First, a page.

Well in this hyper-connected world that we live in, the first thing you do in a restaurant (even before ordering an ice-cold beer) is to ask ‘What’s the Wi-Fi password’. However, believe it or not, I am living proof that it is possible to travel for a whole week without even a hint of an internet connection. It does mean – evidently – an orgy of Instagrams, Tweets, Facebook and Whatsapp when you DO make it to a ‘connected’ location, but in between the only thing you have to do is to call home on a treasured ‘local’ phone to reassure everyone that you are indeed alive. And you also end up having stimulating conversations with total strangers in exotic Wi-Fi-free locations and learning about each other, rather than gazing at the latest spam on Twitter. Which is rather cool.
So in the last eight days my deeply suspicious but eternally willing wife (and I) left Kigali, Rwanda. We went gorilla trekking in the Virunga Mountains, which transcended amazement. We then mini-bus hopped to the Rwanda-Uganda border and skipped through with minimum fuss. One East African Safari type terror ride on dirt roads later (with a private driver) we were on an island in South Uganda in Lake Bunyonyi and sleeping in a geo-dome overlooking the lake and hiding behind a mosquito net. There was no door to impede our view of the moonlight. Not for everyone I suspect.
Two days later and 300km further North we were on the edge of Queen Elizabeth National Park and tracking wild chimpanzees in the Kyambura Gorge. The next day the highlight of an all-day safari in the Park itself was a two hour cruise on the Kazinza channel that runs between Lakes Edward and George, part of the East African Great Lakes chain. The banks of the channel are strewn with wallowing herds of buffalo, elephants, thousands of hippos, and endless bird life. It was in the park that we gave a lift to three kids who were part of a six person colony travelling on the same motorbike along the dirt roads.
We’ll gloss over the long trip across Uganda from the West to Kampala, and the Bwera bus whose engine exploded. I’m hoping that I will be able to avail of psychiatric counselling when back in Ireland. As for Kampala? We were staying with my wife’s cousin who works there for the NGO Concern. It was great to find a home from home and we met some of her amazing colleagues also the evening we arrived. Still no Wi-Fi though.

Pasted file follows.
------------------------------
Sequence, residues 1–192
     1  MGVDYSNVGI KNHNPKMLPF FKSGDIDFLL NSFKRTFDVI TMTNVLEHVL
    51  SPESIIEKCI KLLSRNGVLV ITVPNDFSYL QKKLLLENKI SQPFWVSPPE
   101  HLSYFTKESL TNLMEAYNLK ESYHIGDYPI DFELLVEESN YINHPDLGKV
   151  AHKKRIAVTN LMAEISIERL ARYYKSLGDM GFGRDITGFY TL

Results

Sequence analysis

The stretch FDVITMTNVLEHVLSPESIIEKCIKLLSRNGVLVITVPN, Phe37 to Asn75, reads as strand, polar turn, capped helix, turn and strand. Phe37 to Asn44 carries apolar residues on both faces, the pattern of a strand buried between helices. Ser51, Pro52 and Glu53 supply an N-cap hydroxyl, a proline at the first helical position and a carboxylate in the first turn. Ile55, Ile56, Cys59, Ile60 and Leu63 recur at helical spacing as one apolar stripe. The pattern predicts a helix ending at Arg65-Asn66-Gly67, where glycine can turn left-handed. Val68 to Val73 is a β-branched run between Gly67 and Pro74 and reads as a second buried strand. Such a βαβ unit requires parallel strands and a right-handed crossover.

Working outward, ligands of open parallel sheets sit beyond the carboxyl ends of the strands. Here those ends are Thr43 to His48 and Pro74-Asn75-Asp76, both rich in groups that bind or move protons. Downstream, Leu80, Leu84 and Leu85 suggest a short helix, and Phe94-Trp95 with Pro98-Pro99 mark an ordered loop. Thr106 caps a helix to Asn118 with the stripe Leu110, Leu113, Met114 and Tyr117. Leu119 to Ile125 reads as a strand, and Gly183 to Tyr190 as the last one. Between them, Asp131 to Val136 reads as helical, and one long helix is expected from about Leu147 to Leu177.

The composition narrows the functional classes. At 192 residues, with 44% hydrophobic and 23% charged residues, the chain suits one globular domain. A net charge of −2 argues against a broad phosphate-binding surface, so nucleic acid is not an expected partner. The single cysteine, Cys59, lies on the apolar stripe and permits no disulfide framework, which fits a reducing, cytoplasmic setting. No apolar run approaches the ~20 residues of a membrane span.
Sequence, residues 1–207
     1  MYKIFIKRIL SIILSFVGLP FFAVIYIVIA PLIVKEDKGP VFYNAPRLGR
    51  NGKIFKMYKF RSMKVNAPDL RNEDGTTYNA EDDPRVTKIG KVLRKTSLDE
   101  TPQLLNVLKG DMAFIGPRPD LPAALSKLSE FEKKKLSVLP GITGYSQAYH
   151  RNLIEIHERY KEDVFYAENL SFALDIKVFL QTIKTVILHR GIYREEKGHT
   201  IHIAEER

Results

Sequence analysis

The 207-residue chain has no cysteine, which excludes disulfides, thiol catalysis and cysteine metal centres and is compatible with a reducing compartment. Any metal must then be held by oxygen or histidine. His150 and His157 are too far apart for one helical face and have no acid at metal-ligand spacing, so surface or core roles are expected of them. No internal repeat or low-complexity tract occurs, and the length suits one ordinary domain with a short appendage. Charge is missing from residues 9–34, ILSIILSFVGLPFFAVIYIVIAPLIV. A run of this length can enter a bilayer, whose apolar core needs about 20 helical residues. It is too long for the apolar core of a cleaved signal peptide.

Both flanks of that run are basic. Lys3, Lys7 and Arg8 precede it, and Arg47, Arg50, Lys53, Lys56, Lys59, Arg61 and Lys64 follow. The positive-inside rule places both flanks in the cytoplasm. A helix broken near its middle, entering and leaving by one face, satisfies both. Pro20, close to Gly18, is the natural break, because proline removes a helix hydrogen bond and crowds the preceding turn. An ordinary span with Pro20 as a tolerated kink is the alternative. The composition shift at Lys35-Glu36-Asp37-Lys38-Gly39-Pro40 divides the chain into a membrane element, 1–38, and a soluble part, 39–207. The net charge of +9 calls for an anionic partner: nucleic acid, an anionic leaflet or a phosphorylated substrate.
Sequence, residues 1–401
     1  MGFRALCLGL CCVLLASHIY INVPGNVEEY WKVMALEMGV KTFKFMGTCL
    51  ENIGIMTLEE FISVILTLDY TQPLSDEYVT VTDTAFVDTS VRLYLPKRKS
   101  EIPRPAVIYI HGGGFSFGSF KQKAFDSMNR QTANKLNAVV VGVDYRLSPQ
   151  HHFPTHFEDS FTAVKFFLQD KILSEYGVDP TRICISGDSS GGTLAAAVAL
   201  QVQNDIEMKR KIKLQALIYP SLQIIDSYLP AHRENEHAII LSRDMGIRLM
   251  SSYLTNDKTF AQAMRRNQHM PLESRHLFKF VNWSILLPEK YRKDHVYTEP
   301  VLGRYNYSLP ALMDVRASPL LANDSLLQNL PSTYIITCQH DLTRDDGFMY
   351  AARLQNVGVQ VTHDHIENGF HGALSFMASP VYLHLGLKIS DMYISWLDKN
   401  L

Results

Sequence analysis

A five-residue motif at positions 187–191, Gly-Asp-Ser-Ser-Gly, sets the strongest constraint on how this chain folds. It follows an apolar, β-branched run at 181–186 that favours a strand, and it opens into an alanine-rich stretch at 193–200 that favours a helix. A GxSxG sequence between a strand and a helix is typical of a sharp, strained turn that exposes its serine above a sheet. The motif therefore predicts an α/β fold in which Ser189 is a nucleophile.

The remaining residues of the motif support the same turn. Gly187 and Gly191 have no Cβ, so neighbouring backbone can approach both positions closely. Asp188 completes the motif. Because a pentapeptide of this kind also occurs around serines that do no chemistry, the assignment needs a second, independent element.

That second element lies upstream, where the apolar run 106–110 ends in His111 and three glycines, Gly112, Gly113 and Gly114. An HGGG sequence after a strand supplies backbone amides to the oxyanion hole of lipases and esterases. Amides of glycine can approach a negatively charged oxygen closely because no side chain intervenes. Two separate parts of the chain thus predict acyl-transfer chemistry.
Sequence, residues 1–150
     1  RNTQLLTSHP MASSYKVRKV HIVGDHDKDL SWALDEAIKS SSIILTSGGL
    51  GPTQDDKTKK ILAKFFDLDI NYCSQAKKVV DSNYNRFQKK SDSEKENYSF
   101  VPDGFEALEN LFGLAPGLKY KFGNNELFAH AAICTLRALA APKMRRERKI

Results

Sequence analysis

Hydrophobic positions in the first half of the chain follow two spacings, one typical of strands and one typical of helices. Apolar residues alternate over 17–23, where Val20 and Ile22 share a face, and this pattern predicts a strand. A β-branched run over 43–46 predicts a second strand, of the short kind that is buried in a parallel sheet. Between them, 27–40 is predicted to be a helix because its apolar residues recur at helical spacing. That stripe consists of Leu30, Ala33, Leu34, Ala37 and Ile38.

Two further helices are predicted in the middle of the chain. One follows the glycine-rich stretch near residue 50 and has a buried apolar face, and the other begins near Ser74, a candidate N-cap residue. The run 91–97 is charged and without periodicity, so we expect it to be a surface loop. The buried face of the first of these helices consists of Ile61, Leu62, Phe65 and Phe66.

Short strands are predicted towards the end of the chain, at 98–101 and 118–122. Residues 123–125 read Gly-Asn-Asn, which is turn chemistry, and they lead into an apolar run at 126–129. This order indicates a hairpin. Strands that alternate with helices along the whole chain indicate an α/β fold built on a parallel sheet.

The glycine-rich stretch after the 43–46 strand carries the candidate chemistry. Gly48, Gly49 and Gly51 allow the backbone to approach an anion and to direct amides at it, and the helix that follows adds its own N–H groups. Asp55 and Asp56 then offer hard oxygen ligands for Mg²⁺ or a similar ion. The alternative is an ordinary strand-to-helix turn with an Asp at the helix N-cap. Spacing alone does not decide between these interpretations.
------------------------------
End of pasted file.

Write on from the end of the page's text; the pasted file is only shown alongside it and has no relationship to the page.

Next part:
Kampala itself is a manic spot. The traffic defies description. Drivers are fearless – the weak get eaten alive. There are acres of furniture lots on the roadside – like an open-air Ikea. And then FINALLY at the Speke club in Munyonyo (on Lake Victoria) we finally managed to get back online and assure everyone that we were indeed alive.
We completed the ‘loop’ back to Kigali three days later, courtesy of Jaguar Executive coaches whose in-bus entertainment system pumped out ‘shake yer booty’ videos, followed by African sitcoms, followed by (worst of all) Gospel choirs at ear-splitting volumes and born again Christians grinning maniacally as they crooned ‘songs of praise and devotion’. It took the bus two hours to cross the border back into Rwanda (it seems Rwanda has higher entry standards than Uganda) and this included a compulsory Ebola test – which happily we both passed.
And along the way thru the Wi-Fi-wasteland we met Sunni and Tommy from Denmark, Venant in Kinigi, the Sabinyo Boys football club (I am now an official patron having bought them a football), Job in the National Park, Roger the Welsh priest and his family in the lodge in Kyambura, the nameless Welsh physio duo who had worked with disabled Ugandan kids for 10 months and were now headed for India via Tanzania. And many, many more memorable people.
Perhaps the nicest touch was when we limped back to the hotel in Kigali where I had been quartered for the initial month in Rwanda. Pretty much everyone – from security men to desk staff to maids to the guy I had endless conversations about Arsenal’s chances this year said ‘Welcome back’. And they really seemed to mean it. I can say it was like coming home, but it felt like a close second. So now it’s final packing time and soon back to the land of Internet on demand. But it was nice to go ‘off the map’ for a while and remember what a blast face to face communication can be. A lesson I hope I remember.
PS Sorry Ballyroan Library for the overdue copy of the ‘Lonely Planet guide to East Africa’ – you’ll have it back next week, honestly…